Yosef clearly alludes to MK Rabbi Haim Amsalem’s recent lenient statements: “It is unacceptable that some frivolous man would come along and say that in his view, from now on, we should accept as Jewish someone who is willing to serve in the IDF and accept some commandments as symbols. Anyone hearing this would laugh at him, as there is no entry into Judaism without proper acceptance of conversion.”
WHILE I strongly reject this stringent view, and subscribe to lenient positions as those presented by Maimonides and such luminaries of previous generations as Rabbi David Zvi Hoffman (the successor of Rabbi Azriel Hildesheimer as head of the Rabbinical Seminary of Berlin) and Rabbi Ben-Zion Meir Hai Uziel (first chief Sephardi rabbi of Israel), shared by a handful of visionary and courageous rabbis today, I equally reject the attempt to label the views of the more stringent school as being “against Halacha.”
The halachic process is very different than the democratic legislative and judiciary one. The civil court system is based on binding rulings and hierarchy. Supreme Court rulings are binding on all other courts. If the Knesset feels that a law has outlived its usefulness – it can change it by a simple majority. This is not the case in the world of Halacha. The divine law cannot be changed by human authority, the decisions of the Chief Rabbinate and the rulings of the Rabbinic Court of Appeals are not binding, and any other rabbinic courts or rabbis may follow their own religious conscience and halachic interpretation.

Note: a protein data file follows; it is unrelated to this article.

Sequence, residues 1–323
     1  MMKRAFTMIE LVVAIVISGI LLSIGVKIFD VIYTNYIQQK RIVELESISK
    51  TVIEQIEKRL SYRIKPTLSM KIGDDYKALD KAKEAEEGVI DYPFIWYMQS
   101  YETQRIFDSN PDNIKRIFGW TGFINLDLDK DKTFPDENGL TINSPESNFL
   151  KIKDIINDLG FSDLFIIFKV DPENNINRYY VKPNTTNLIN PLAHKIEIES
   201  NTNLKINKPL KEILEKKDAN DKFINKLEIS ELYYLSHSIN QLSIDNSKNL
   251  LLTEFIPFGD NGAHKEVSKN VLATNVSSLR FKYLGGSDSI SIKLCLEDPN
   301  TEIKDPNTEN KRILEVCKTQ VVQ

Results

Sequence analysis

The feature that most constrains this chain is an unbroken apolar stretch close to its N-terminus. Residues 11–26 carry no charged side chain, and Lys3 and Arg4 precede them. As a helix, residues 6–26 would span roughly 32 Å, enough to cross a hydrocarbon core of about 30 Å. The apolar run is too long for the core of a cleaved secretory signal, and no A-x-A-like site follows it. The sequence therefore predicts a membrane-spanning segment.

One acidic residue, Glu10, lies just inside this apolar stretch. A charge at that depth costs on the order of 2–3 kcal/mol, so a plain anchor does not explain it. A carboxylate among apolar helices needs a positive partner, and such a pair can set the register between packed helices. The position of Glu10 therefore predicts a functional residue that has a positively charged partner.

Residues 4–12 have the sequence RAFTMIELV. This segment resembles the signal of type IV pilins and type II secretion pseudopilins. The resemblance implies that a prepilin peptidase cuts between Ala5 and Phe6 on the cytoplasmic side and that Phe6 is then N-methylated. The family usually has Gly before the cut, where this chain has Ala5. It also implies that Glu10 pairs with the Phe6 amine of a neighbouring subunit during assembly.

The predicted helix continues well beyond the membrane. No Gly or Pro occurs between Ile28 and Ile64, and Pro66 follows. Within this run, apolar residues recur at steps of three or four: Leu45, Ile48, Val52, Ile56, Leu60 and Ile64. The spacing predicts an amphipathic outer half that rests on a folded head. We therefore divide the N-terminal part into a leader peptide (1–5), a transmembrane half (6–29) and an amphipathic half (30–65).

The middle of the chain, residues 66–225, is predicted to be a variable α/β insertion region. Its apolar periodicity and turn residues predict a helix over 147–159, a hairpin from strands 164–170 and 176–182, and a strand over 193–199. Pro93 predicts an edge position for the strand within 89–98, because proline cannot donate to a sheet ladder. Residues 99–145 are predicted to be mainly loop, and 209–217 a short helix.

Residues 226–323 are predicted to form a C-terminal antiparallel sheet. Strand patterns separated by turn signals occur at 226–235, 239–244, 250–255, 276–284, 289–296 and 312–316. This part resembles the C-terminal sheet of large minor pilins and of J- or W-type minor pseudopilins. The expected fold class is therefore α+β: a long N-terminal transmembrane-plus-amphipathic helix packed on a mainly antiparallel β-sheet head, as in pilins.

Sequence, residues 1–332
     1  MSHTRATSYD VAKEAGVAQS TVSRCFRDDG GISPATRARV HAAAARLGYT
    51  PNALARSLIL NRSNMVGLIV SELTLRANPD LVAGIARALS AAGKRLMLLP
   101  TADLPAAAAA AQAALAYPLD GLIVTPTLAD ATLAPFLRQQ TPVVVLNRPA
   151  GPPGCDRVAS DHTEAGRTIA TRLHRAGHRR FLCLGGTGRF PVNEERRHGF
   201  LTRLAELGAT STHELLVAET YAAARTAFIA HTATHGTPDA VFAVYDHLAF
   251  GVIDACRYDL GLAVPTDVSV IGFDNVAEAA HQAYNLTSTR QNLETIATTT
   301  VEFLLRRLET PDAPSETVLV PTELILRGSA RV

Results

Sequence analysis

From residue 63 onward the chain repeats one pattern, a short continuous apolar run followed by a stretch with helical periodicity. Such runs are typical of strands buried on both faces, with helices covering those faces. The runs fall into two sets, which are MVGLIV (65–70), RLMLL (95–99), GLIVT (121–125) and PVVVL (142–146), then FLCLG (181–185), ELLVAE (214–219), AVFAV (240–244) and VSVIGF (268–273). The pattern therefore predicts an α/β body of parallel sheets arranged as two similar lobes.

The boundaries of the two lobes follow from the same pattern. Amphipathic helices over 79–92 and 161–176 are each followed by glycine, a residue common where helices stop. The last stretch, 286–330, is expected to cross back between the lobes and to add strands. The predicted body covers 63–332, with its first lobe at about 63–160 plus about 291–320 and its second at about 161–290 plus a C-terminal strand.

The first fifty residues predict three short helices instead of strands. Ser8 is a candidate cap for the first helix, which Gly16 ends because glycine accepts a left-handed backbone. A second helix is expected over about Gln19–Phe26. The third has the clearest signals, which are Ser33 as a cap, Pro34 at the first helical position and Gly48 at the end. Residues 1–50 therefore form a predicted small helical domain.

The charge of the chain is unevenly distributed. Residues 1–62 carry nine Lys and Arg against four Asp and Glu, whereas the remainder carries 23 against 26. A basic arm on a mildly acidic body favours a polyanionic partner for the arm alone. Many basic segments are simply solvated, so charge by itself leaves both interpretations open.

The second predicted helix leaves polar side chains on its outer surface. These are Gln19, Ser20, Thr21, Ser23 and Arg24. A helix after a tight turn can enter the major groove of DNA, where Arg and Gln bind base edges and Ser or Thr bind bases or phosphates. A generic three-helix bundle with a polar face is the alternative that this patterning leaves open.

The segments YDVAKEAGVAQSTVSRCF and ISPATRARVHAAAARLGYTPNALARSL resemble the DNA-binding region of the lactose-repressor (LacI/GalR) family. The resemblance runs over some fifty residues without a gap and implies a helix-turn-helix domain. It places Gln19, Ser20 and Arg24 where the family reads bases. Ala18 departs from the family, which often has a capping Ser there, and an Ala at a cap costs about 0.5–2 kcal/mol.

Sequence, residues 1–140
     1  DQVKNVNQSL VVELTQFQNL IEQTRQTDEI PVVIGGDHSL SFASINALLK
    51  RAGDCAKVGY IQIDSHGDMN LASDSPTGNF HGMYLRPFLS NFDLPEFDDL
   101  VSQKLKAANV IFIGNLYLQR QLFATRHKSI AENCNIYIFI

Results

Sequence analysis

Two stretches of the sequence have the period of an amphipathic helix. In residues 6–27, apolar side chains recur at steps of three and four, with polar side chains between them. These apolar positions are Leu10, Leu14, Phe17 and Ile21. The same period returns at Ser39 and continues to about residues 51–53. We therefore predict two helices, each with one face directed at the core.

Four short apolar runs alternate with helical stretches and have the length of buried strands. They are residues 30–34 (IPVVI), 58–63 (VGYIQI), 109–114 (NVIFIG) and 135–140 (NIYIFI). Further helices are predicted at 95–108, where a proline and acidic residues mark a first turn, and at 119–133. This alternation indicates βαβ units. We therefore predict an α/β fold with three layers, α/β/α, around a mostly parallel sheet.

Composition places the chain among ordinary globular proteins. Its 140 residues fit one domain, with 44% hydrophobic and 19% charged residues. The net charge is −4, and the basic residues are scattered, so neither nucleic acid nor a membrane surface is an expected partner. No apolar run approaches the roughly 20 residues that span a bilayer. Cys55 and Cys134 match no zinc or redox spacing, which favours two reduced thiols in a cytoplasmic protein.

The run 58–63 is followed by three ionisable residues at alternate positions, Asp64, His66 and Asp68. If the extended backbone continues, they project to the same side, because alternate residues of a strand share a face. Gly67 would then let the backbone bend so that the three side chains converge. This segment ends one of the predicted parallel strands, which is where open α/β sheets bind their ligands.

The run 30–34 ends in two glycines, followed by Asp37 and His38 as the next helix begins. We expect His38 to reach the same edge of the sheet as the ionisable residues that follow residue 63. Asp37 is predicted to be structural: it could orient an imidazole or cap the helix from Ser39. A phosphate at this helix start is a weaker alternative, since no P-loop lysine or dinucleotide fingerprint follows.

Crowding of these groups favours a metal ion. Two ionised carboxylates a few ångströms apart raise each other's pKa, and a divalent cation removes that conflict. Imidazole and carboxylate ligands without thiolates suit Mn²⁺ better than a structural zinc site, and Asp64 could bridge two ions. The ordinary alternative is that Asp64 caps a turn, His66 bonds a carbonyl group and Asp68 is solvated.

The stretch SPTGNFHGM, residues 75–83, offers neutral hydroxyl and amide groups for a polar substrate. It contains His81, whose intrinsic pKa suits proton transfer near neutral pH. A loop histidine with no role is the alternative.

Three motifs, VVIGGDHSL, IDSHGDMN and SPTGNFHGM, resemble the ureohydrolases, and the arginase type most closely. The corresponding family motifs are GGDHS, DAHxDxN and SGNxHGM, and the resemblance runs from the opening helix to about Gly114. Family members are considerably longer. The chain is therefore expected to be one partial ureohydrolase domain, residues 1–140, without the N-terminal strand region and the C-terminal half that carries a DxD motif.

In religion this is a good thing. Forcing the city rabbi of Ashdod to register someone for marriage whom he does not consider Jewish is as objectionable as religious coercion is. The answer is therefore not in having the court or the Knesset, or even the Chief Rabbinate, force such rabbis to act against their religious convictions, but rather to recognize that the time has come for a far more serious radical treatment: No rabbi should be empowered by the state to rule over all Jews and impose his interpretations. All rabbis should exercise their authority only over those who voluntarily accept them.
The state should be supporting religious services and choices of all Jews (and non-Jews), just as it supports cultural and educational services, but should not impose one religious school of thought over others, so long as they comply with the civil law and public order.
Israel should fully and equally recognize all conversions and marriages performed by the major religious streams as well as allow for civil marriage. There is no other worthy solution, and the sooner we recognize that, the better.
The writer is a rabbi, and attorney and the executive director of Hiddush – For Religious Freedom and Equality.